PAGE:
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Australia to ban copycats of Ozempic weight loss medication

Australia to ban copycats of Ozempic weight loss medication
Bags of counterfeit Novo Nordisk A/S Ozempic at a warehouse operated by the UK's Medicines and Healthcare Products Regulatory Agency in London, UK, on Monday, Feb. 27, 2024. (Photo: Jose Sarmento Matos/Bloomberg)

Australia will ban pharmacies from creating replicas of popular weight loss drugs like Ozempic, following reports of dangerous side effects including one patient’s hospitalisation for a “serious adverse incident”.

Pharmacies will be restricted from making GLP-1 receptor agonist products — a class of drugs that help manage blood sugar levels — for individual patients, Health Minister Mark Butler said in a statement on Wednesday. That loophole had previously allowed the creation of Ozempic-like products that hadn’t been approved by Australian regulators.

More than 20,000 Australian patients have been using imitation drugs, largely to try to lose weight, according to Butler.  

“While I understand that this action may concern some people, the risk of not acting is far greater,” he said in the statement. “You only have to look at the recent reports of individuals impacted by large-scale compounding to realise the dangers posed.”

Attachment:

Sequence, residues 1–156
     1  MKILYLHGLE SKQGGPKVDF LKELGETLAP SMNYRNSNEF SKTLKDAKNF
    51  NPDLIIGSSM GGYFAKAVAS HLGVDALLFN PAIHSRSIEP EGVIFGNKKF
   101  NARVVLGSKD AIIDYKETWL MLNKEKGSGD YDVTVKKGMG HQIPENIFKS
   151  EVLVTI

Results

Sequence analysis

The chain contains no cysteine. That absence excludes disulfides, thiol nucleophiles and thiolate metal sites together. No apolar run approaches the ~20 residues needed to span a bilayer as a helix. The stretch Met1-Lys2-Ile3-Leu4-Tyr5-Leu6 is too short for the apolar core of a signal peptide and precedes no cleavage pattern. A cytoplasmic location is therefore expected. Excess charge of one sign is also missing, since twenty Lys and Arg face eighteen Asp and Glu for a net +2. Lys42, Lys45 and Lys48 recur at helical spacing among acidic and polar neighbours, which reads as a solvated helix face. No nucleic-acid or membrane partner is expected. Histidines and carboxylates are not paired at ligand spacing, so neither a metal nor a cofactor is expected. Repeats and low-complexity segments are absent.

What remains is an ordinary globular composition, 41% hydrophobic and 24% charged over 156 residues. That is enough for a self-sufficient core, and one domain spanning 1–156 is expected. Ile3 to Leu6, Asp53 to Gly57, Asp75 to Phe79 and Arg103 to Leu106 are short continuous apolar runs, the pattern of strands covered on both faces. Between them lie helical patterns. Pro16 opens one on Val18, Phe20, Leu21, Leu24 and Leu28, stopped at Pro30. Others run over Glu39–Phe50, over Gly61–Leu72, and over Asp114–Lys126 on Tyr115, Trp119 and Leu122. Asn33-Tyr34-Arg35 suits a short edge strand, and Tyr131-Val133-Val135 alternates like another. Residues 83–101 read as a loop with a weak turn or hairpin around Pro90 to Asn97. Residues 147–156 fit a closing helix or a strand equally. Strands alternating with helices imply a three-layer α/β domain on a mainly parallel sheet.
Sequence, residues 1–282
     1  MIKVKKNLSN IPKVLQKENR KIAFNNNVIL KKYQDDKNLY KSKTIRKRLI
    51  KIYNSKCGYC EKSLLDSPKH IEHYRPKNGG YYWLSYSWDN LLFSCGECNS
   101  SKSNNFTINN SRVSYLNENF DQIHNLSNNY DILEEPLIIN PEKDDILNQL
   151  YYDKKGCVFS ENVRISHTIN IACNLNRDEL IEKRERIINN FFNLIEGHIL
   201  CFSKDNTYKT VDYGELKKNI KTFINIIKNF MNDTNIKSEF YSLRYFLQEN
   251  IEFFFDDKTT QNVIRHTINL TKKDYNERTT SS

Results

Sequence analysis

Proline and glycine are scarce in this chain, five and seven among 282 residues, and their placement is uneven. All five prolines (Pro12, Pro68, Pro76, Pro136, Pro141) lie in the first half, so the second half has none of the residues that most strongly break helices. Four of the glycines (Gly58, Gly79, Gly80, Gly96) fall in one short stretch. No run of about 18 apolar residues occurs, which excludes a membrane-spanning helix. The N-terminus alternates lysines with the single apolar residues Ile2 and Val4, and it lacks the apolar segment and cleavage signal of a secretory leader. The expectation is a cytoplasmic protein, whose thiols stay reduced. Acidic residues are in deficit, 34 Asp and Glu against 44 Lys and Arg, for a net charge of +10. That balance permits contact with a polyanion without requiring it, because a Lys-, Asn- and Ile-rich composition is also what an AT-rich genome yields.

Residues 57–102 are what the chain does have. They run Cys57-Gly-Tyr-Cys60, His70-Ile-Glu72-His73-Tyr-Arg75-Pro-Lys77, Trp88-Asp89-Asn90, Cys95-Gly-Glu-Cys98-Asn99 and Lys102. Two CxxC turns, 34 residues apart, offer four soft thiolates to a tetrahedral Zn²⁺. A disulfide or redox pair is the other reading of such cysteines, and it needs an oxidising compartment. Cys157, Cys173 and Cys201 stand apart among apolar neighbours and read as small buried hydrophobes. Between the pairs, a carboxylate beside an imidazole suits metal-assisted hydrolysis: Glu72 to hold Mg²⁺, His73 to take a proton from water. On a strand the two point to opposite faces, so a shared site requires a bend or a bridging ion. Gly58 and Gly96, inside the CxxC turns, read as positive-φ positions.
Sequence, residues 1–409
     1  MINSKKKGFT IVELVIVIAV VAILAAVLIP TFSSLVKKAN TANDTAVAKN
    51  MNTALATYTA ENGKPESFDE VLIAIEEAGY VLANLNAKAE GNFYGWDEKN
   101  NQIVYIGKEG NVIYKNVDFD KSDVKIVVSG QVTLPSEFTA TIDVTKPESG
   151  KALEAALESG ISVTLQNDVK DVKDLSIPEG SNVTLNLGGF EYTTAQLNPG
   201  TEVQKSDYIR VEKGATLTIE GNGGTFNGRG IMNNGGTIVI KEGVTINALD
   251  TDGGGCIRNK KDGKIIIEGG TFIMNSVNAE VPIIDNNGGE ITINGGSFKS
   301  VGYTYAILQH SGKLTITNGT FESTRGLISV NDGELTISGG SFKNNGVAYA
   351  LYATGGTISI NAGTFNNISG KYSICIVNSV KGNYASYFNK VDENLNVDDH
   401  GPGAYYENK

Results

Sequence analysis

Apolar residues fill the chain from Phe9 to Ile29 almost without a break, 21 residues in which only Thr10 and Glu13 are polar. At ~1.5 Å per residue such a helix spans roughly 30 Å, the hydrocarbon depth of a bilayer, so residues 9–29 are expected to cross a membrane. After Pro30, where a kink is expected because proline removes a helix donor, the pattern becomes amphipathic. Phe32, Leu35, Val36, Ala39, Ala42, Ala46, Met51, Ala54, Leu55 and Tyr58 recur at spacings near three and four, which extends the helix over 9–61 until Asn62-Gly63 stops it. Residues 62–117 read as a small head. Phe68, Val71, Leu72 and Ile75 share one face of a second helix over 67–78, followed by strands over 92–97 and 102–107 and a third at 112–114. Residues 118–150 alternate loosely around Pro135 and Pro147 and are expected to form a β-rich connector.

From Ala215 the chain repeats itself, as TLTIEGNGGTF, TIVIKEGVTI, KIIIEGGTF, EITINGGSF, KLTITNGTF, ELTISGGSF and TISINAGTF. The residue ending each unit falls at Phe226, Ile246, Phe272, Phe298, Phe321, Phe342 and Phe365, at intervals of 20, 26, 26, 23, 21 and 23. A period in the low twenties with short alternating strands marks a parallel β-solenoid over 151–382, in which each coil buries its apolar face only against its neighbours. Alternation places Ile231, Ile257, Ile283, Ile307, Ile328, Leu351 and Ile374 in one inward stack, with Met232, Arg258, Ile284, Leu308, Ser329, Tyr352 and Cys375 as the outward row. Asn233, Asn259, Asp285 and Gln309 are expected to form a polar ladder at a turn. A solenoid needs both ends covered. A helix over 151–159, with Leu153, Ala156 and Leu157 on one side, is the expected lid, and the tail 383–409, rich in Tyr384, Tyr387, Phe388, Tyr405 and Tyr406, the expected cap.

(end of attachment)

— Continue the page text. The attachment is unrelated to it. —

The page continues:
Booming demand for weight loss drugs including Novo Nordisk A/S’s Ozempic has led to shortages of the medications around the world, even as some users report side effects including nausea. A May poll of US consumers found that one in eight had tried some variation of the new class of drugs.

Read More: How a Weight Loss Wonder Drug Gobbled Up an Entire Economy

A spokesperson for Novo Nordisk said the drug giant has always maintained that compounded semaglutide products shouldn’t be prescribed to patients, as they represent a “potential significant safety risk.”

“We do not, and will not, support any type of non-indicated (off-label) use of a Novo Nordisk product at any time,” the spokesperson said in a statement.

The Australian government’s move is supported by the country’s Therapeutic Goods Administration, while internationally, the US Food and Drug Administration has warned about the dangers of injecting some compounded products after adverse incidents in America.

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